• author
    • Donald Sanders

      Columnist
    • September 17, 2013 in Columnists

    Me and Rodney — no respect

    Just like that Rodney Dangerfield guy, I can’t get any respect! I do not exaggerate when I tell you that it’s been well over 50 years since I have gotten even the tiniest bit of respect. I mean no respect. It’s like I was just a common man or something like that.

    Even way back in high school, I would go east and respect would go west. You wouldn’t suspect it now because to you, I’m a big important writer guy, but I almost didn’t graduate from high school. It wasn’t my fault either.

    I was a model student in my high school. I was like the B.M.O.C. Sure I got sent to the dean’s office a time or two, but that wasn’t my fault either. I think the dean must have had something against me or he was jealous of my sheer good looks because he told me that if I get sent to his office one more time than he was going to kick me out of school. I thought, “Blaa-blaa-blaa.”

    Well, it wasn’t a week later when Mrs. Weedikind (my English teacher) sent me to the dean’s office for writing stupid stories when I was supposed to be writing a speech. Now that I’m a big time writer guy, everybody knows I don’t write stupid stories. So, I didn’t go to the dean’s office and went to smoke in the bathroom instead.

    How was I supposed to know the dean would walk into the room and catch me? You know that guy dragged me down the hall by my hair? That wasn’t cool at all, but he didn’t throw me out. I told you I wasn’t just a common guy. The damn dean was just a bag of wind and I had him up against a wall. He told me so in his own words.

    After he made me stand on one of the little squares out in the hall, he pulled me in and said, “Donald, I’m going to let you graduate. You see, I looked at your grade school file and the principal there made a note of your age. He says that if you had one more month you could have legally driven to grade school, so he pushed you out to me in high school. Now I have to do the same.”

    Ha, I thought, “I’ve got him outsmarted!” Then the dean says, “Don, you’re going to be 21 years old in a week or two and we can’t have a boy that old as a high school student. The school board is afraid you will want to date the freshman girls, and that’s against the law.” Well I say, “Gee Mr. Dean, I don’t care because no one will ever know that I was 21 when I got out of high school.” I chuckled to myself!

    So, a couple of months later, I was in the army. About the third day there, some Colonel gave me a jeep with a radio bolted onto it and told me to drive it up onto a big helicopter. The helicopter dumped me off at a place called Pleku. The radio never worked but I didn’t know how to use it anyway. Two years, one month, and seven days later, I left the jeep there and went home.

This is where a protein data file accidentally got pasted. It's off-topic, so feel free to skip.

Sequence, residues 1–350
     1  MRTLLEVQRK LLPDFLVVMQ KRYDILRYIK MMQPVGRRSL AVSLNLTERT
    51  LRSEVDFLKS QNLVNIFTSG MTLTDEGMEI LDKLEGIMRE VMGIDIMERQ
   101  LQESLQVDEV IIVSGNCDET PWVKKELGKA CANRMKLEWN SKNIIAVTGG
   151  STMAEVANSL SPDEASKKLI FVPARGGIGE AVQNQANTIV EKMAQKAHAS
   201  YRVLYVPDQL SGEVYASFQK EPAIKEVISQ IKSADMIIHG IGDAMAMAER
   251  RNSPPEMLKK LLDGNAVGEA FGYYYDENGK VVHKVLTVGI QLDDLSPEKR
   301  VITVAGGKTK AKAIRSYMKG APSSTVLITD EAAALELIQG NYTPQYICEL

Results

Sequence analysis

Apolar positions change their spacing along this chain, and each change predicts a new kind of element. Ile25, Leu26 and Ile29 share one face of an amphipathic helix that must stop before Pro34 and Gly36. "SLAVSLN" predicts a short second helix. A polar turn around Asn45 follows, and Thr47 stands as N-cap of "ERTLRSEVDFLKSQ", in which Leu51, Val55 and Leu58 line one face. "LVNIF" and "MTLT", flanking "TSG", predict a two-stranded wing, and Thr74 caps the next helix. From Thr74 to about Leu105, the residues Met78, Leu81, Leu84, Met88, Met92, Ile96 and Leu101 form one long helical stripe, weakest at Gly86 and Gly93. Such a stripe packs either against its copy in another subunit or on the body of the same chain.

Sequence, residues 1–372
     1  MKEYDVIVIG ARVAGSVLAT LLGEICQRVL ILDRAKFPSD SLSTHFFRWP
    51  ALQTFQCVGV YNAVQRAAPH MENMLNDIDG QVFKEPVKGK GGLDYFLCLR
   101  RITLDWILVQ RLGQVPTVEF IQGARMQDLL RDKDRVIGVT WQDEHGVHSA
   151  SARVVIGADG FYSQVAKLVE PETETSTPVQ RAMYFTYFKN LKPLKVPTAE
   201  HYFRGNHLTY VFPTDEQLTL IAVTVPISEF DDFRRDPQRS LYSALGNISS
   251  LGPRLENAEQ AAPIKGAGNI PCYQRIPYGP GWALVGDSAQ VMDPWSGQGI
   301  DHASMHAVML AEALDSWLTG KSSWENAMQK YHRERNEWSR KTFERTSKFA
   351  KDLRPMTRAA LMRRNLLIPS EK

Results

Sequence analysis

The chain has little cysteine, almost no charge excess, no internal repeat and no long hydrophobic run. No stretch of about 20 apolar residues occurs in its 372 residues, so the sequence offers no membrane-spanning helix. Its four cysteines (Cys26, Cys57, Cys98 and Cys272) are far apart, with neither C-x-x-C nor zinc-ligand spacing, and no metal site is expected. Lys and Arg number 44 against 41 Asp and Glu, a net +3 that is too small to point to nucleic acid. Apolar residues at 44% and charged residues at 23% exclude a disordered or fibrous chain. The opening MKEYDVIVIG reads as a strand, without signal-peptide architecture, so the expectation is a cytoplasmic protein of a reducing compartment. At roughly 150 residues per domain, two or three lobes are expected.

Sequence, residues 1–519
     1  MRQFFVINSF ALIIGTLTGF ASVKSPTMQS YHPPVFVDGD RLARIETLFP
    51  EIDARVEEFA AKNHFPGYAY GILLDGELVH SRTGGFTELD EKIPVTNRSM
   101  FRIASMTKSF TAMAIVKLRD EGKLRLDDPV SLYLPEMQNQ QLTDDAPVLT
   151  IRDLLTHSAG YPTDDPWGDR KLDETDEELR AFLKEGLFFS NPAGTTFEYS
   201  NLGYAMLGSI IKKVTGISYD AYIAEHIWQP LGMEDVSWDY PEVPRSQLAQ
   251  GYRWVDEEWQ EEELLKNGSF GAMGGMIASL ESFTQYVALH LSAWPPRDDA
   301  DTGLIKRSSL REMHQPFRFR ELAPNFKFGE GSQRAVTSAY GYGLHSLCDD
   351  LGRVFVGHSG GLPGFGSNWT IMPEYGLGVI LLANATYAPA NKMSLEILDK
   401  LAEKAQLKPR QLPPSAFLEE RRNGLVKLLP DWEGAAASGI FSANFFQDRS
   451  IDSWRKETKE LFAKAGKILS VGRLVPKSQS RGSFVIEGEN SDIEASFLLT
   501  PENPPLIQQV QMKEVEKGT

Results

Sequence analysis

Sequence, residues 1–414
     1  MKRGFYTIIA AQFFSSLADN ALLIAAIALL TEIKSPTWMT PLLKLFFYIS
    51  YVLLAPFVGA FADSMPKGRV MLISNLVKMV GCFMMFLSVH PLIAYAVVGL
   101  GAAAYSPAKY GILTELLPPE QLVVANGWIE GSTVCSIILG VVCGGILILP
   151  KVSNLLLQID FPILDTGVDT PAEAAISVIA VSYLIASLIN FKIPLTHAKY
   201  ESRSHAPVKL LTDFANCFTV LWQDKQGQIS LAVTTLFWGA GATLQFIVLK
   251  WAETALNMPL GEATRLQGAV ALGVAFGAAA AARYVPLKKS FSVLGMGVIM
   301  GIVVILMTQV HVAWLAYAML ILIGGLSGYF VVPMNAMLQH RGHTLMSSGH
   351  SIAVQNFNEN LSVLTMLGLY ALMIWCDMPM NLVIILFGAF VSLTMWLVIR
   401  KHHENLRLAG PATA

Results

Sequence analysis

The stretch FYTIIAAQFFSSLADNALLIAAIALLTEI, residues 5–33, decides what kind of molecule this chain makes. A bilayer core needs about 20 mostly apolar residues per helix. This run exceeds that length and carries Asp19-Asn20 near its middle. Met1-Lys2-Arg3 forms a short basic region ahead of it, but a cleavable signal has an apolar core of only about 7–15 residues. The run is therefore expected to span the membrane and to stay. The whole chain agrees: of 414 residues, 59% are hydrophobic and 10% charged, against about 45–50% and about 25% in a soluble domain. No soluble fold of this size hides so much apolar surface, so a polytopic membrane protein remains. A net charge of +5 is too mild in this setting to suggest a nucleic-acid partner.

OK, time passes and I’m doing volunteer work down at the creek, doing something they call creek restoration. There’s a bunch of piles of brush to be burned, so I start lighting them with a big tank of propane and a big long torch. Next thing I know, the whole dam creekside is on fire and there are helicopters dropping water on it. I know you won’t believe it, but I swear to God that the pilot of that helicopter was the same guy that gave me the damn radio that didn’t work way back when I was in Vietnam.

    Now if you think that’s a little farfetched, consider this. OK, yesterday my wife tells me she’s going to Home Depot, and I was a little concerned when she didn’t come home. Now today I see her picture on the Facebook and she is in New Orleans with her sisters. She looks like she’s having a lot of fun too! I must have forgotten she was going.

    She’s only been gone one day and the sink’s already full of dirty dishes. I’m going to make the best of this situation by writing a column about the survival of a man while his wife is gallivanting around the world. Oh… I already did that last time she was traveling. Anyway, I have to go to the store to buy paper plates and plastic spoons. I’m completely out of Fruity Pebbles, so I’ll have to try to find them too.

    A respectful wife would have bought me some damn Fruity Pebbles before she left. So here I am, out of clean plates and spoons, no Fruity Pebbles, and to top it off, the creek restoration guys won’t let me play with the torch any more. The people on Facebook made fun of me for lighting a forest fire. The comment about the fire that hurt the most came from Linda Dejarnett Springer, a writer lady for the newspaper, who said, “I knew it was you!”
    See what I mean? No respect.



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